However, such a microprocessor must include each of the above registers, a judging circuit and a control circuit. Accordingly, there is a problem that an extremely large circuit is required for the wait control of the microprocessor. If the wait control of the microprocessor is thus configured, the microprocessor must necessarily output a chip-select signal, and there is a disadvantage that the microprocessor must contain a very large number of circuits and terminals. This is because, unless the microprocessor outputs a chip-select signal, in many cases an external circuit needs to create one and the external circuit must be equipped with a chip-select signal-creating circuit almost identical to the wait address judging circuit.

Therefore, not even microprocessors loaded with automatic wait control functions can solve the above problems.

SUMMARY OF THE INVENTION

This invention aims at providing a microcomputer and a bus cycle control method that enables an automatic wait control of a microcomputer at a low cost, without significantly increasing the size of either the microprocessor's internal circuit or its external circuit necessary for a wait control.

To attain the above goals, the microcomputer and the bus cycle control method of this invention is configured as follows.

In the invention according to claim 1, a microprocessor performs an ordinary operation processing at a predetermined bus cycle. When a wait trigger condition of the wait request signal inputted from the wait request signal creating unit arranged outside the microprocessor is detected, regardless of the input level of the following wait request signal, the bus cycle in the microprocessor is caused to wait for a period corresponding to the predetermined state number, during which period the microprocessor and the peripheral devices are accessed. After this period has elapsed, the wait is cleared, the original bus cycle is reinstated, and detection of a wait trigger condition of the wait request signal again becomes possible.

The invention according to claim 2 includes a microprocessor for a processing operation at a predetermined bus cycle and a peripheral device accessible with the microprocessor. When the microprocessor accesses a peripheral device in the microcomputer that causes the bus cycle of the microprocessor to wait, the microprocessor is configured to include a main control part for control processing an operation and for generating an access signal to the peripheral device, a state number setting unit for programmably setting the state number to be caused to wait, and a wait instruction signal generating unit for generating a wait instruction signal in response to a wait request signal. A wait request signal forming means is provided at the outside of the microprocessor. When the microprocessor detects the wait trigger condition of the wait request signal creating means, it causes the bus cycle in the main control part to wait for a period corresponding to the state number set by the state number setting means by outputting the wait request signal from the wait instruction signal generating means. During this wait period, the microprocessor and the peripheral devices are accessed. After this period has elapsed, a detection of the wait trigger condition of the wait request signal again becomes possible.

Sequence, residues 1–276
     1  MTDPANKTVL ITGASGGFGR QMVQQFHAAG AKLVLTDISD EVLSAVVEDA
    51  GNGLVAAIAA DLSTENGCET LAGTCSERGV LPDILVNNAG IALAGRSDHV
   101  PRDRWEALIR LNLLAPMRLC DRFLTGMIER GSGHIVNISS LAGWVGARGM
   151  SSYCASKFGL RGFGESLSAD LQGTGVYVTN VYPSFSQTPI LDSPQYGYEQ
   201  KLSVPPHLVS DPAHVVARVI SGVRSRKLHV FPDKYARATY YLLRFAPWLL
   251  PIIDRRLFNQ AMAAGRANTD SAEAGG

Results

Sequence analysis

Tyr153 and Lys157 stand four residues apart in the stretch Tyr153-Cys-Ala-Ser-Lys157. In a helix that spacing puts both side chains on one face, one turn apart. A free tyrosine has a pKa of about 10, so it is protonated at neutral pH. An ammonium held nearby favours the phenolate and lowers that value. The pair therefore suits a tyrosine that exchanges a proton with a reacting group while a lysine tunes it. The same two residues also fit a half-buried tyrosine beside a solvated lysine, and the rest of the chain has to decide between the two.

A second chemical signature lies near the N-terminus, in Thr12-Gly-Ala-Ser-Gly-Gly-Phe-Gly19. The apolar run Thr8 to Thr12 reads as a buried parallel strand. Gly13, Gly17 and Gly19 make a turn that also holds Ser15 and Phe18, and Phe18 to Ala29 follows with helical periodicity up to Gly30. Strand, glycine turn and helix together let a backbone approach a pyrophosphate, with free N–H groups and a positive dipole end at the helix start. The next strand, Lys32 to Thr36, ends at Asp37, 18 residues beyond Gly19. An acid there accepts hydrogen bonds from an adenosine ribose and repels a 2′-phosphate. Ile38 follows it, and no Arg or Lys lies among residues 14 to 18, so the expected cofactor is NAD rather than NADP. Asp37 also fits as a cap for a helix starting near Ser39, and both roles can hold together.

The invention according to claim 3 includes pluralities of state number setting means, wait instruction signal generating means and a wait request signal creating means. The wait request signal creating means output the results to the corresponding wait instruction signal generating unit, and output to the main control part the OR logical product of the wait request signal outputted from each wait instruction signal generating means.

In the invention according to claim 4, a microprocessor performs an ordinary operation processing by a predetermined bus cycle. When a peripheral device arranged outside of the microprocessor is accessed, a signal that chip-selects the peripheral device by an address is commonly used as a wait signal. When the microprocessor outputs a chip-select signal to its peripheral device, an address selector detects it as a wait request signal. When the wait request signal is detected, the bus cycle in the microprocessor is caused to wait for a period corresponding to the predetermined state number. During this wait period, an access between the microprocessor and the peripheral device is performed. After a certain period has elapsed, the wait is cleared and the original bus cycle is reinstated.